Once again the children chuckled, the adults exalted, and the storytellers cast their magical spell of humor, wisdom, wit and culture upon the ears of their listeners. This year, even with the recession dampening much of the U.S. economy, Eth-Noh-Tec re-calibrated so that our production of the festival, though operating on a shoe-string budget, was still a top-notch cultural experience, both for the guests artists and the local community on Orcas Island.

Welcome Potluck Luncheon

The week started off with a welcome potluck luncheon up on a mountainside forest with several tables full of fresh vegetables, colorful salads, casseroles and desserts (which practically disappeared the instant they hit the table. The storytellers and locals chewed and chatted in the warmth of the Orcas summer (which finally made an appearance that week). The culminating event soiree was a sampler of each of the visiting artists oratorical performance. Doug Banner offered a tale from Scotland of a naughty lass who got her comeuppance. Judith Black shared a personal home coming story about her son, a Marine who survived the onslaught of Falujah, in Iraq. Arif Choudhury gave a slice of life through voice of his childhood, growing up as the only brown-skinned Bangladeshi, Muslim American in the Northshore suburb outside of Chicago. Also Eth-Noh-Tec shared a Hmong Cambodian tale, “Trouble Talk” underscoring a message of humanity’s impact on the environment.

Through the generosity of neighbors and friends, restaurants and small businesses and contribution from the Orcas Library the storytellers experienced Orcas life, as they waived their standard professional fees to gift the islanders with five storytelling programs.

Other Muses Admidst the Myths and Memoirs

This year, Eth-Noh-Tec introduced several other muses into the festival: poetry and music.

The opening public concert at the Senior Center, “Wisdom, Wit and Wily Ways” was launched by the singing group, “the Songbirds.” Such notable and nostalgic songs were both timeless and appropos for the event: “Today,” “Play a Simple Melody,” “Shenandoah,” “Accentuate the Positive.” During the summer, Eth-Noh-Tec enjoys singing with them in their weekly class lead by Eleanor Petersen accompanied by the piano genius of Mary Meyers.

A frightful and delightful mood played on piano haunted the “Ghost Story” night as local musician and composer, Lennon Aldort created dark and foreboding sound-scapes to imbue the evening atmosphere of the supernatural.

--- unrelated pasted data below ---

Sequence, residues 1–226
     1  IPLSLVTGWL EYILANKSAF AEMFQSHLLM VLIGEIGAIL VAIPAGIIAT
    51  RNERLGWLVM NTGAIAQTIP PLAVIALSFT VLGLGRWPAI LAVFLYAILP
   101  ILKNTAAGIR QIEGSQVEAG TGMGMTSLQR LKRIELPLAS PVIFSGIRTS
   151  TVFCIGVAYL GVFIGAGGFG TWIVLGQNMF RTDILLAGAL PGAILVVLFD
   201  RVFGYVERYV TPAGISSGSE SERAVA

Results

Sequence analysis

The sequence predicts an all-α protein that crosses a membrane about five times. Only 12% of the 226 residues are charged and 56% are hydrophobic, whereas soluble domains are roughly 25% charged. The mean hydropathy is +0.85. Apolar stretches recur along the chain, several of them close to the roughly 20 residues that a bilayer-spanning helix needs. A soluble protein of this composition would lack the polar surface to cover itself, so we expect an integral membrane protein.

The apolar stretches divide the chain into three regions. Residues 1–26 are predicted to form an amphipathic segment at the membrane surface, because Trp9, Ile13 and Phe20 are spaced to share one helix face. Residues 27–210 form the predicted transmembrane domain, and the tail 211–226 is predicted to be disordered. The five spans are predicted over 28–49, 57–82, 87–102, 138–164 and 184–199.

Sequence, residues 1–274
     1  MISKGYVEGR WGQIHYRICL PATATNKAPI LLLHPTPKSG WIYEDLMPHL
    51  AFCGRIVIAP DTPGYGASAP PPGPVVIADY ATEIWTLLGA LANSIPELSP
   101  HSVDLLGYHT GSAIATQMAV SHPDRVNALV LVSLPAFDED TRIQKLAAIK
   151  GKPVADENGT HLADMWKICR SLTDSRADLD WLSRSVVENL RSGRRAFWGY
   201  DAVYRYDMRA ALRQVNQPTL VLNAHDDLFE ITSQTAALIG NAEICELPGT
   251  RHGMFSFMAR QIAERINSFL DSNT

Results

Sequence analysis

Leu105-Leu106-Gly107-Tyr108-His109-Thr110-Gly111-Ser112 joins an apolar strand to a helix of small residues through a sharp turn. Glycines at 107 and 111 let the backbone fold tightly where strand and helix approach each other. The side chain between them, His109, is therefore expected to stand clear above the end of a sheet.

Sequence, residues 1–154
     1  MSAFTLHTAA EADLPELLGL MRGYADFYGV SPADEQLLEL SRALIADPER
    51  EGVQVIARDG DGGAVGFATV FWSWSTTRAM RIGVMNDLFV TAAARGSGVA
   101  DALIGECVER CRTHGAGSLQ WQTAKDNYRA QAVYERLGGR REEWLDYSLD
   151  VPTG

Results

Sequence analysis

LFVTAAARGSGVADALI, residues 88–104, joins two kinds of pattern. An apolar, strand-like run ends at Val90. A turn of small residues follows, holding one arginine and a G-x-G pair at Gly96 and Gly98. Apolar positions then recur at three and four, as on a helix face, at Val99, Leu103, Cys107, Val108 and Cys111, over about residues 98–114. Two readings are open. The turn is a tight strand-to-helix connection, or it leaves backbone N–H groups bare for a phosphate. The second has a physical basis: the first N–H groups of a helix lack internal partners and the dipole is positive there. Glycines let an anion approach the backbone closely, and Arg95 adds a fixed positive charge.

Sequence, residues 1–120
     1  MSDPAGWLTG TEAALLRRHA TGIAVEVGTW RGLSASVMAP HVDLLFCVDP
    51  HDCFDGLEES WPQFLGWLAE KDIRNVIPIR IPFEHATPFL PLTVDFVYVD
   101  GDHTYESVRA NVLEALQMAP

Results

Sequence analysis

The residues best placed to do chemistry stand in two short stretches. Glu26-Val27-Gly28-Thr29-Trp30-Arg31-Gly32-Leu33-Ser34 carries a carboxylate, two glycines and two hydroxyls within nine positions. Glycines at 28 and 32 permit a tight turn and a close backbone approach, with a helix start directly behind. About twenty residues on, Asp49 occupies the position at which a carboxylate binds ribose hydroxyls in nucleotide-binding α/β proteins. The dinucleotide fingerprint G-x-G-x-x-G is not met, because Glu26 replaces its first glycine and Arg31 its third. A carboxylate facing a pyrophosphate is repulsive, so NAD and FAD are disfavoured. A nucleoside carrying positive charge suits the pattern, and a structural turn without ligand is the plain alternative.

Anji Ringzin, with whom Eth-Noh-Tec shared the stage with at last year’s traveling Smithsonian event, “Journey’s That Shape Our Lives” brought to life the stories, anecdotes and poetry of ancient poet philosophers Rumi and Kabir from West and South Asia. Ms. Ringzin’s lyrical and eloquent voice embellished the evening with an almost musical quality to the final concert’s theme of “World Stories.”

A cameo appearance of local storyteller, Antoinette Botsford charmed the young ears during the library concert for families, “Pajama Tales.” Antoinette is a well-known, local teller, well versed in traditional tales spun from her cultural heritage of Canadian-Metis (First Nation).

Stories Make the World Go Round

The culminating concert, “World of Stories” gave a spin of global yarns from family life to folk tale fantasy, from insights into mother-daughter relationships to foibles of a foolish kings. Presented at the Odd Fellows Hall, amidst the constellation of decorative lights and colorful drapery, the storytellers took the audience on journey to the heart. Sometimes the stories told were met with bolts of laughter, other times tears and sighs of endearment. These responses affirmed to the artists that they not only did their job with mastery but also reaffirmed the power of story and compassionate listening.

Eth-Noh-Tec lead the final story, a signature piece “Bird of Happiness” from Tibet with the message of hope and happiness. After the bow of Robert and Nancy, and upon the invitation for all the storytellers to join them in a final bow, the audience leapt to a standing ovation.

We, of course, wish to leap to a standing ovation for all the individuals, organizations, and business that, because of their support through donations, goods, and services made this festival a huge success. We look forward to their participation for years to come.

Big thank to the many volunteers: Sharon Abreu, Lennon Aldort, Robert Austin, Margie Doyle Nita Couchman, Virginia Erhardt, & Judy Dorman, Franke, Marj & Fred, Betsy Greason, Phil Heikinnen, Michael Hurwitz, Anita Holladay, Jan & Bill Madill, Miri Plowman & Gil Becerra, Mary Ann & Chuck Owen, Eric Morris, George Post, John & Charlotte Sumrall, Dr. Dave Shinstrom, Ginni Stern, Linda Thretheway.

If you live on Orcas or are simply visiting, be sure to support the local business you see listed here: The Sounder, La Campesina Project, Black Dog Farms, Blue Moon Paradise, Buck Bay Shellfish Farm, Bullwings, Chimayo, Eclipse Charters, Enzos Café, Funhouse, Home Grown, Island Market, Lambiel Museum, Luna Pasta Rustica, Olga Café.

This article has 2 Comments

  1. oh, wonderful wonderful. I will be there again one day. For now, am freer to attend your gigs in your attic in the city. Who knows, maybe I’ll be a verbal storyteller one day myself! Carol Wright, formerly of Orcas.

    1. Both are wonderful!  So hope to see you at both some time in the future!!  And of course Orcas is gorgeous!  But SF has great food!

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